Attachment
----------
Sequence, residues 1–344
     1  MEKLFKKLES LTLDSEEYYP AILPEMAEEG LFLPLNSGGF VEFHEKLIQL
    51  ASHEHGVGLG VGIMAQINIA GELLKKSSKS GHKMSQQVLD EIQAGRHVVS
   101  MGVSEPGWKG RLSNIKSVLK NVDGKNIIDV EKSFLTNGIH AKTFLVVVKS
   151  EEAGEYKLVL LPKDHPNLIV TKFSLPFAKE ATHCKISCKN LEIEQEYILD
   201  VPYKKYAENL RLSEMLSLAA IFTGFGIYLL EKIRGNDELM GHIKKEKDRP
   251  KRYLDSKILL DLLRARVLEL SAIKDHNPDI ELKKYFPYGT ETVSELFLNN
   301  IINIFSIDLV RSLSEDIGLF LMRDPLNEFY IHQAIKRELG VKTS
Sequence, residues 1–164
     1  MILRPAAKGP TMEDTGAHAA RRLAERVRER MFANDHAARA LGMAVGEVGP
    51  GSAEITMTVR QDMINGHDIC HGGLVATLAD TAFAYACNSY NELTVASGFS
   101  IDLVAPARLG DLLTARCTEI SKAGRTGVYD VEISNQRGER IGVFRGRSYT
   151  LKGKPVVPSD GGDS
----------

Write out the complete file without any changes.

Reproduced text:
Sequence, residues 1–344
     1  MEKLFKKLES LTLDSEEYYP AILPEMAEEG LFLPLNSGGF VEFHEKLIQL
    51  ASHEHGVGLG VGIMAQINIA GELLKKSSKS GHKMSQQVLD EIQAGRHVVS
   101  MGVSEPGWKG RLSNIKSVLK NVDGKNIIDV EKSFLTNGIH AKTFLVVVKS
   151  EEAGEYKLVL LPKDHPNLIV TKFSLPFAKE ATHCKISCKN LEIEQEYILD
   201  VPYKKYAENL RLSEMLSLAA IFTGFGIYLL EKIRGNDELM GHIKKEKDRP
   251  KRYLDSKILL DLLRARVLEL SAIKDHNPDI ELKKYFPYGT ETVSELFLNN
   301  IINIFSIDLV RSLSEDIGLF LMRDPLNEFY IHQAIKRELG VKTS
Sequence, residues 1–164
     1  MILRPAAKGP TMEDTGAHAA RRLAERVRER MFANDHAARA LGMAVGEVGP
    51  GSAEITMTVR QDMINGHDIC HGGLVATLAD TAFAYACNSY NELTVASGFS
   101  IDLVAPARLG DLLTARCTEI SKAGRTGVYD VEISNQRGER IGVFRGRSYT
   151  LKGKPVVPSD GGDS